Mr Davies spouting a saucy limerick about the Wife of Bath while I translated into our local vernacular and then led a rousing version with him of the Ying-Tong Song in Spike Milligan voices probably deserves top billing.
Constantly on the lookout for unusual items in Thetford, Dereham and Yarmouth during my early reporting stints, I unearthed a host of gems. They helped compensate for too many boring council meetings and court hearings.
Favourites included the fortune-teller who wasn’t expecting me, the rector’s wife whose maiden name was Miss Marple and Eric Morecambe welcoming me into his dressing-room with “Come in, young man, and take the weight off your notebook”.
Life on Radio Norfolk airwaves heralded countless colourful episodes. I asked a rural veteran live on air if he’d been in the same village all his life. “No, not bluddy yit, I hent! “ he replied. Perfect reply to a naïve question.
Top prize, however, for most eccentric reaction to an orthodox sort of inquiry must go to a Dereham couple celebrating their golden wedding.. I asked her if he’d developed any annoying habits over their years together.
“Yis” she snapped . “He snore backwards” – and instructed him to provide a short impression. Sounded straightforward enough to me.
Skip's Aside: I have worked alongside many colourful and talented characters throughout a long career as journalist, broadcaster and entertainer.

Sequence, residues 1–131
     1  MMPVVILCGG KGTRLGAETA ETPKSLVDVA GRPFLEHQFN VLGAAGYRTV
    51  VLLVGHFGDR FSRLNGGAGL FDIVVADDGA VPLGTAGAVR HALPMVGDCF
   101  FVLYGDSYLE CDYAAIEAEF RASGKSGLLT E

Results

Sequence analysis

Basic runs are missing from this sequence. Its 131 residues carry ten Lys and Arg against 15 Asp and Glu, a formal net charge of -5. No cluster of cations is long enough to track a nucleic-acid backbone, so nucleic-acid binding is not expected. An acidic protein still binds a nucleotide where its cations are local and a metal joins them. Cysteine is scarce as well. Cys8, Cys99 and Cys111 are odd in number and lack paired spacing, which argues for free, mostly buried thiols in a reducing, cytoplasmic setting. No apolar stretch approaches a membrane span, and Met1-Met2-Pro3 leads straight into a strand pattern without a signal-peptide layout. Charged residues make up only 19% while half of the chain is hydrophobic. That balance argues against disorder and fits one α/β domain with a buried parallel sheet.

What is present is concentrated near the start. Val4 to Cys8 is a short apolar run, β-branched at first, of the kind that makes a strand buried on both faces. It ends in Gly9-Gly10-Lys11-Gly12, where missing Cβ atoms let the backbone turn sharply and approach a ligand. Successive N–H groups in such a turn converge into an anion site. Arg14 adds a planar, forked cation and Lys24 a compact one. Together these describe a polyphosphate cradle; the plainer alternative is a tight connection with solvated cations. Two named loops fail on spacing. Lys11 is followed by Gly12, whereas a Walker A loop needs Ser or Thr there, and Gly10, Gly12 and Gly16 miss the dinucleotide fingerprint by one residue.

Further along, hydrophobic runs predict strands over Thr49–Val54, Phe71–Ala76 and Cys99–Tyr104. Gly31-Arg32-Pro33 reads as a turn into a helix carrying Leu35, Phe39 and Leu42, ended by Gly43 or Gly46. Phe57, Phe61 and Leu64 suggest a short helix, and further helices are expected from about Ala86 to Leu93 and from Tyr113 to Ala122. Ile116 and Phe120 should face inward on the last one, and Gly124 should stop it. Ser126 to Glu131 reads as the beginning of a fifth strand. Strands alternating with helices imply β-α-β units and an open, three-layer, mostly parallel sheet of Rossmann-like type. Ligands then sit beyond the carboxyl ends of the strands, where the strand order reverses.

Ralph Eustace Sherwin White was chief reporter on the Yarmouth Mercury during my stint with the weekly paper in the mid-1960s. He must rank as the most endearingly eccentric of colleagues.
Eustace, as he was commonly known, regularly disappeared into a world of his own. This became most evident while composing his Scout column, a glorious mish-mash of anecdote, rumour, whimsy, fantasy and no-nonsense opinion, all tied up in extravagant similes by the yard.
We knew when a gem was coming. He’d rock back in his chair, clear his throat, exclaim loudly “Ah, yes!” with a self-satisfied smile and then transform his massive old typewriter into a machine gun spattering golden words all over the place.
Now and again we would be treated to an example of his creative powers – “Britannia Pier sat in a sparkling sea like Neptune’s frying pan waiting for a wash” – a little taster for the next big production.
Eustace, pictured above, occasionally forgot on which assignment he had embarked., usually dressed in blue beret, white mackintosh and brown sandals. His sou’wester and oilskin cape were reserved for wet days at any time of year.
We bumped into him one morning along busy Regent Road and inquired politely where he might be heading. “I am down to cover Flegg Magistrates Court” he replied.
We informed him that was next week in the Town Hall, completely in the opposite direction.
He thanked us profusely ,clicked his heels, swivelled sharply and expressed a fervent hope he would arrive in time to cover the first case.
I also recall him searching frantically through contents of a large dustbin outside the Halfway House pub in Gorleston, not far from his home. ”Give us a hand” he called as I strolled past on my way to work.
We couldn’t find his lost notebook, but he gave me a boiled sweet for helping. Eustace carefully returned all items to the dustbin and went home for breakfast.